Abortion: Not Just A Statistic, But a Story.

At the Palais Des Nations in Geneva, Switzerland, 2009, Photo By Alabera An Ran Zhao

It seems almost logical that I should write about abortion. This is a personal feminist blog and I have had two abortions.

I’m somewhat comfortable talking about them. When I’m not, it isn’t because it’s too difficult for me to share or that I become overwhelmed with emotions at the thought of unchosen motherhood; it’s because I know that I will inevitably be judged by the person in front of me.

My internalized judgment used to be the stigma of being only 26 and having already racked up two abortions on my membership card of the abortion club (which does not exist). My internalized judgement is pretty quiet now and I barely ever hear it speak up when I think about my experiences.

I used to feel like I had to defend my decision to have an abortion. I used to feel like I had to explain why I had an abortion. I used to feel like I had to say that it was a difficult decision. I will put it bluntly and say that it was never a difficult decision. Abortion was already my default decision before I had ever known I was pregnant. I did it because my life was more important to me. My potential was and is more important to me. I never would or will let anything preventable get in the way of my happiness, my health and my education.

I will not lie and say that I wasn’t affected by the abortions themselves. I was 21 when I had my first one. I had been having sex with an on and off boyfriend whom I loved more than he loved me. We had dated but broken up because he didn’t want to be in a committed relationship, so I said I was ok with keeping things casual. That relationship was incredibly damaging to my psyche. I just kept hoping he would eventually fall back in love with me while I spent hundreds of francs on lingerie, perfumes and short dresses.

I remember peeing on the pregnancy test stick, trying to avoid pee from splashing onto my hand while my heart pounded into my ears. Yup, I was pregnant. No, the pill does not always work. I made an appointment with my gynecologist immediately. I wasn’t too far along, only about 6 weeks. The actual moments leading up to the abortion were actually ok, I was a little scared but my father and sister were incredibly supportive. I got awesome drugs when I was in the fancy Swiss clinic and the not-boyfriend came to see me post-abortion when I was high as shit, which my sister recounted as being funny as hell.

The hard part was a few days later. I was bleeding a lot at home, the doctor told me this was normal, but I could tell it wasn’t. Despite this, I tried being a good little trooper, and I went to school just a few days later. Big mistake. I was in the cafeteria when I was feeling waves of pain in my uterus, it was so excruciating that it took my breath away. I called the gynecologist to describe what I felt, he told me to get to his office ASAP. My poor, panicked father came to collect me at the school nurse’s office where my mentor was rubbing my back while I rocked backwards and forwards trying to not pull my uterus out with my bare hands to throw it against the wall.

At the doctor’s office: quick sonogram and it turned out “they hadn’t aspirated everything out,” and I was experiencing contractions. So back to the clinic we went for round two, (I thought the swiss medical experience was supposed to be swift and precise).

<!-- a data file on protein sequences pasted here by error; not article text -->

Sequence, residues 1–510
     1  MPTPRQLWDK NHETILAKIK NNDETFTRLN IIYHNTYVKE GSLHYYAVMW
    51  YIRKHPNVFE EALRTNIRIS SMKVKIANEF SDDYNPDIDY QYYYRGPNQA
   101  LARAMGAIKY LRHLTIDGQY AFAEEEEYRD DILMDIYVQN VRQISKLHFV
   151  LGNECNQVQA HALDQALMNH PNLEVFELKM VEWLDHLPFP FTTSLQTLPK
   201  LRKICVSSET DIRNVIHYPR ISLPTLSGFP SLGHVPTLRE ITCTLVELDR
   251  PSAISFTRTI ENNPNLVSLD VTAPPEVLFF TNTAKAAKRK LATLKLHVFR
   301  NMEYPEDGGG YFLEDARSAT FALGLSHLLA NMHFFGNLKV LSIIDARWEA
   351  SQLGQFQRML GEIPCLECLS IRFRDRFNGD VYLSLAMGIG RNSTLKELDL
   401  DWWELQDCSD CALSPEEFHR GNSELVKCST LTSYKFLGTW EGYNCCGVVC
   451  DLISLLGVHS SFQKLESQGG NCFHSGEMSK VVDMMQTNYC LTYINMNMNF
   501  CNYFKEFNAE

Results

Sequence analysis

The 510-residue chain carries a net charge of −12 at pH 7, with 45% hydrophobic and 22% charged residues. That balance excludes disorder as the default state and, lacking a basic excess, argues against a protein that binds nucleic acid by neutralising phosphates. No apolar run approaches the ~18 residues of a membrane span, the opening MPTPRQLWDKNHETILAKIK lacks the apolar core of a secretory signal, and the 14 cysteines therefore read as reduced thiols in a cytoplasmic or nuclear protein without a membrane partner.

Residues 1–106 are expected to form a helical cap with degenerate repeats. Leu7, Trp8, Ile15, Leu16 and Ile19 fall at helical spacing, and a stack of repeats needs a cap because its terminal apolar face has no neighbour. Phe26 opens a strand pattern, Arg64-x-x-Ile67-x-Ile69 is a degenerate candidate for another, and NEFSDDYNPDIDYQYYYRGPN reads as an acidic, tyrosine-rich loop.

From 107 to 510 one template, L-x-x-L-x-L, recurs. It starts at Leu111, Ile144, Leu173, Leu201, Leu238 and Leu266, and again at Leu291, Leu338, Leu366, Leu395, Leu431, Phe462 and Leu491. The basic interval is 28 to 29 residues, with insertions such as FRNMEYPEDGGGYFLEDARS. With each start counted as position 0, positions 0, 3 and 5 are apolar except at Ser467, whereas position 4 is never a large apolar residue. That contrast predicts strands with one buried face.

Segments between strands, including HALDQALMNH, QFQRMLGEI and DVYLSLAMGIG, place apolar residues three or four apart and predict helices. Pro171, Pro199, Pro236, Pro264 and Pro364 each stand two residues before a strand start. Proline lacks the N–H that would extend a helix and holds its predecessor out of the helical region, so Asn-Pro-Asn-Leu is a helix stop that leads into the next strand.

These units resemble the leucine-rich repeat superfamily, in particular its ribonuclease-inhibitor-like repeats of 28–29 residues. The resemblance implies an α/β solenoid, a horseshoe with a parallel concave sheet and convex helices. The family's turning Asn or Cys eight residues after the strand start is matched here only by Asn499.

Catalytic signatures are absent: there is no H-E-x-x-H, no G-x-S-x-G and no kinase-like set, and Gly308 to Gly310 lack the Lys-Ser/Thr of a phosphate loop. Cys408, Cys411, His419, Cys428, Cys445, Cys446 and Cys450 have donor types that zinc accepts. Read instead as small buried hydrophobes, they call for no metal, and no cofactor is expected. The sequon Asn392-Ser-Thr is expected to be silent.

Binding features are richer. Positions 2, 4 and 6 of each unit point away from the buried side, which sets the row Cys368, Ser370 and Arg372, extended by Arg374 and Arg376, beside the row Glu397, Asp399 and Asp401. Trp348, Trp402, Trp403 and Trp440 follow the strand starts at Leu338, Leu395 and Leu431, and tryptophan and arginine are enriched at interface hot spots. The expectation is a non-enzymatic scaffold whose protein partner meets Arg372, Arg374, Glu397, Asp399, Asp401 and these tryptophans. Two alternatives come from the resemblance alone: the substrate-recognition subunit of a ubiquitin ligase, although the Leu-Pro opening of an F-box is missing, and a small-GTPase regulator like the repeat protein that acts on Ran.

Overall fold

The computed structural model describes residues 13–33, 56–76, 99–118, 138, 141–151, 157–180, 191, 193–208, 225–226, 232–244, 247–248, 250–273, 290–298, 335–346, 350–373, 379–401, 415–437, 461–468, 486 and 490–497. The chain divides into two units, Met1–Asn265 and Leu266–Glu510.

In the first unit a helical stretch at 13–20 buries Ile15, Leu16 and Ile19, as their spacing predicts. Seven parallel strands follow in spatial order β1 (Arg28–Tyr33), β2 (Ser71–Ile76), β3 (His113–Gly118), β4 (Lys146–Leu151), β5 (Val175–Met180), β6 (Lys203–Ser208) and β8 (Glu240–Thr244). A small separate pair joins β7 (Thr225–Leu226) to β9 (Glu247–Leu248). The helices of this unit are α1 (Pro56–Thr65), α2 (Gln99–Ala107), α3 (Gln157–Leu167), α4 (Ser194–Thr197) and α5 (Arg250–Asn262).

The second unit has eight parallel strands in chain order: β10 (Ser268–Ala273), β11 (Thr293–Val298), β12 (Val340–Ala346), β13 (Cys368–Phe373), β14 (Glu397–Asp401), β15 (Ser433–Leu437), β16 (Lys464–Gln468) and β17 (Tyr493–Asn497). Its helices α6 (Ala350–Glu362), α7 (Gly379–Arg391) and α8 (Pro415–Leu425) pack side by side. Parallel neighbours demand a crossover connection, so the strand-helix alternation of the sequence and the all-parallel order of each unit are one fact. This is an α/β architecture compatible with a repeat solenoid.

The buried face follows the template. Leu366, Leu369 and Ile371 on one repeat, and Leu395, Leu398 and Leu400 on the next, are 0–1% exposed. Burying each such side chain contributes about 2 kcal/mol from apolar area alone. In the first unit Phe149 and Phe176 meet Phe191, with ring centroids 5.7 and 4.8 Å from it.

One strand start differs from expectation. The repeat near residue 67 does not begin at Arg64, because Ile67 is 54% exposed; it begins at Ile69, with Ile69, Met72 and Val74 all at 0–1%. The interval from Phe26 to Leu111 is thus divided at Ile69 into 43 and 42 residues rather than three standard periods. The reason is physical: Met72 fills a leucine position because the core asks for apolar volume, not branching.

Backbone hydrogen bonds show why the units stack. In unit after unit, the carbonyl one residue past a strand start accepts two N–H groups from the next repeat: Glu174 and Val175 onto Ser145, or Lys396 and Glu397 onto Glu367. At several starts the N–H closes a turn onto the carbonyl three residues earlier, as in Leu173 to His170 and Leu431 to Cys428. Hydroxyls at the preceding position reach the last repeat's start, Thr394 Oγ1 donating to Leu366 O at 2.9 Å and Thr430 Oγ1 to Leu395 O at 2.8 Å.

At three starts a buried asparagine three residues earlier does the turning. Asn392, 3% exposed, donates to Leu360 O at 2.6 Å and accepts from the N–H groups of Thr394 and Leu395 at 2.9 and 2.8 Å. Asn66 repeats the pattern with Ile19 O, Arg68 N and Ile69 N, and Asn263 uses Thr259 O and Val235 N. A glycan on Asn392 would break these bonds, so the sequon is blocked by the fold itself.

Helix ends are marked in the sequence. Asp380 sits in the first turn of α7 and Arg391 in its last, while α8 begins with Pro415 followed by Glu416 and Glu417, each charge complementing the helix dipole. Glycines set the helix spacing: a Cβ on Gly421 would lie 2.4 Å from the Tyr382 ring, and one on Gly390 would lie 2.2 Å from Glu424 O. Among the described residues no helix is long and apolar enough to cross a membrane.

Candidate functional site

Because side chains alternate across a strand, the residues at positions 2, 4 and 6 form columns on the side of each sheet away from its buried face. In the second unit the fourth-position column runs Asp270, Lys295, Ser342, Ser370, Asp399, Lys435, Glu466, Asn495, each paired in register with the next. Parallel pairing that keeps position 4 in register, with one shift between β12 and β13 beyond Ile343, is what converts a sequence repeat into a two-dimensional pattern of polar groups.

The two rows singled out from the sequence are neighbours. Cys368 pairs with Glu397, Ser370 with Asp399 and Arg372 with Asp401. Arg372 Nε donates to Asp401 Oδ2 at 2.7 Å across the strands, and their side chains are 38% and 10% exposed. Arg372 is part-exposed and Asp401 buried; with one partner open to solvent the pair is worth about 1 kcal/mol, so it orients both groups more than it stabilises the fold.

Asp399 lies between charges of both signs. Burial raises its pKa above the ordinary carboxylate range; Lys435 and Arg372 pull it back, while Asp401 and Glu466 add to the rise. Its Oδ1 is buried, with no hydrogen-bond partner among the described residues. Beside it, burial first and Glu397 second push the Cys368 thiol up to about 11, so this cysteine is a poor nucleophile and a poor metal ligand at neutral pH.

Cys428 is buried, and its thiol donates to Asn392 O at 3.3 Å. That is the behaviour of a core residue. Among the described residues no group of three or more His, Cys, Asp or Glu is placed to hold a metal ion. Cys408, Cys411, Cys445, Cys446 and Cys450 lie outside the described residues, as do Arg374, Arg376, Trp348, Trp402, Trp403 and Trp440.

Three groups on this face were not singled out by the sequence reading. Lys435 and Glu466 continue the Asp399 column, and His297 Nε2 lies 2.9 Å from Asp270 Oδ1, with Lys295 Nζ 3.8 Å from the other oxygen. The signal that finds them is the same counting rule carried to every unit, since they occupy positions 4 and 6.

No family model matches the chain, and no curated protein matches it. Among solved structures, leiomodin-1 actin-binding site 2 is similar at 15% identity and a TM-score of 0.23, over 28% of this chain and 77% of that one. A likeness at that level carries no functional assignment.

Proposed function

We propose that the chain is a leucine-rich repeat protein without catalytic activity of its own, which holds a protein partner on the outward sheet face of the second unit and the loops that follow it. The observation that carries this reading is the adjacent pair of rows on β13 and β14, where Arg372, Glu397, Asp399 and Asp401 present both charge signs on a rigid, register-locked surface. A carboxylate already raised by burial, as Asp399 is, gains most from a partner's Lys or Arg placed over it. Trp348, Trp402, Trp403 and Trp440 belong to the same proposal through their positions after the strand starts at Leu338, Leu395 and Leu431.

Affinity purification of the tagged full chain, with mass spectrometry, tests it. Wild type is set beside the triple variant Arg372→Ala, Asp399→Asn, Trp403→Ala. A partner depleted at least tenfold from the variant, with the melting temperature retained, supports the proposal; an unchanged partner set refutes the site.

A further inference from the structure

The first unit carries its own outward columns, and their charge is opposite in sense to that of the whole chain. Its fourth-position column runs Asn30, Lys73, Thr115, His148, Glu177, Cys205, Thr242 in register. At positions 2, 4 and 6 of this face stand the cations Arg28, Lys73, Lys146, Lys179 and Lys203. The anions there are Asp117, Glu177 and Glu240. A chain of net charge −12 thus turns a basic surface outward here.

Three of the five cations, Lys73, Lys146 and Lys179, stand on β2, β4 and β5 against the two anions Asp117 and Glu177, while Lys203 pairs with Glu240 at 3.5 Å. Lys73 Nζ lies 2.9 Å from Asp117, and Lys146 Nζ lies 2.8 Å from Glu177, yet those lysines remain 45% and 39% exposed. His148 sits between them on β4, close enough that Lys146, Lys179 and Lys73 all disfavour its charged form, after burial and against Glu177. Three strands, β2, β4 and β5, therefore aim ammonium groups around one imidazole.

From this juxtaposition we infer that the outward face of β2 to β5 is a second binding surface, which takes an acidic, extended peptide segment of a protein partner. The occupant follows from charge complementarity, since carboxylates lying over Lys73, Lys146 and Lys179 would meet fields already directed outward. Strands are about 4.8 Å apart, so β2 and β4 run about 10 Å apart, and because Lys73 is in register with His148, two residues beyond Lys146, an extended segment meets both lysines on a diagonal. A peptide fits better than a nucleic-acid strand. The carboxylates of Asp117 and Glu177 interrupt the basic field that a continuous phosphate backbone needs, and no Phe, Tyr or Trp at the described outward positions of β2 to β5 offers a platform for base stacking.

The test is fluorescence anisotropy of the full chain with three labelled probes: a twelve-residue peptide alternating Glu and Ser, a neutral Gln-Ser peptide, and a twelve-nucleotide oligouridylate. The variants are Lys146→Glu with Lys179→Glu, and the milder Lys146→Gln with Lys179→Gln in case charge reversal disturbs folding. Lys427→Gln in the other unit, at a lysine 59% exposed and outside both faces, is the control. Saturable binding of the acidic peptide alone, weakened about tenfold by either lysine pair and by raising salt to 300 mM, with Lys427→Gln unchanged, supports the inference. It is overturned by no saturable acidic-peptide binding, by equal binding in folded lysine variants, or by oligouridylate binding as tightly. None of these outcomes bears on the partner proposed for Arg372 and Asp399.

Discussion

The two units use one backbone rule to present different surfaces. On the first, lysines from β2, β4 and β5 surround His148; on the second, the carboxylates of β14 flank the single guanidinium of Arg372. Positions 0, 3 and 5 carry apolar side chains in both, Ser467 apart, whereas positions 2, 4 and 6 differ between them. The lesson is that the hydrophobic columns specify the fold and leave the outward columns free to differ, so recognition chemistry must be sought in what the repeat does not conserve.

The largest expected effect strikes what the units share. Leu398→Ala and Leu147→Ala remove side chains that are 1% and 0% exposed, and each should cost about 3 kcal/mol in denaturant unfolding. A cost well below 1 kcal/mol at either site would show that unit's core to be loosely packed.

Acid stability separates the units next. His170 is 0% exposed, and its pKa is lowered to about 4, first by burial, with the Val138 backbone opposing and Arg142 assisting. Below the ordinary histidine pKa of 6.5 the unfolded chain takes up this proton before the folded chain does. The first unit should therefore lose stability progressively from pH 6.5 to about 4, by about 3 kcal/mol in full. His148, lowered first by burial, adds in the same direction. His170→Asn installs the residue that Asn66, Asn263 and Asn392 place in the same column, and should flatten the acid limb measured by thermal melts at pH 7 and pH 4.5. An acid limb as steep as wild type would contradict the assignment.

I was injected with a lot of morphine upon arrival. I was shaking with the pain and the panic. They had trouble finding my vein for the general anesthesia, I was shaking too violently. The nurse tried my arm until that vein couldn’t handle it any longer, and then she started poking my bony little hand. I was freezing I think, but the needle was finally in and they wheeled me into a room, put my legs in stirrups and had me inhale the precious gases which tucked me away into darkness.

Why am I telling you all the gory details? Because despite having had a pretty tough experience with my first abortion, I do not regret my decision. I made the right one.

I will spare you the long and drawn out details of my second abortion which I had here in Philadelphia in 2012. But I wanted to describe to you the relief of not being pregnant anymore: There was no guilt, there was no shame, (despite what the clinic protestors hurled at me), there was not a drop of regret. I was proud of my decision to keep marching the fuck on. I remember walking down Market street after a check up with a counselor at the clinic, I felt light and unencumbered by a weight that had previously been forcing me into the ground.

The second pregnancy took every single dose of happiness out of my life. I was deeply depressed and I wanted to kill myself. But having that second abortion gave me the chance to become the person that I am today and the person that I will become.

It is not for me to judge whether women should or shouldn’t choose abortion over any other choice available. We are women, we are nuanced, we have different experiences, upbringings and resources available to us. I made the right decisions for myself.

The road after each abortion wasn’t easy. I’ve had other things in life occur which have interrupted my undergraduate studies over the past 6 years. Today I am in a healthy relationship, I have someone who loves me for the person that I am, experiences and all. I am back on track with my studies, I am doing what I love doing and I am happy. I haven’t been able to say that in long time. I am really, truly happy. And it took me a while to get here, but it feels fucking awesome.

Disclaimer: This post was written by a Feministing Community user and does not necessarily reflect the views of any Feministing columnist, editor, or executive director.

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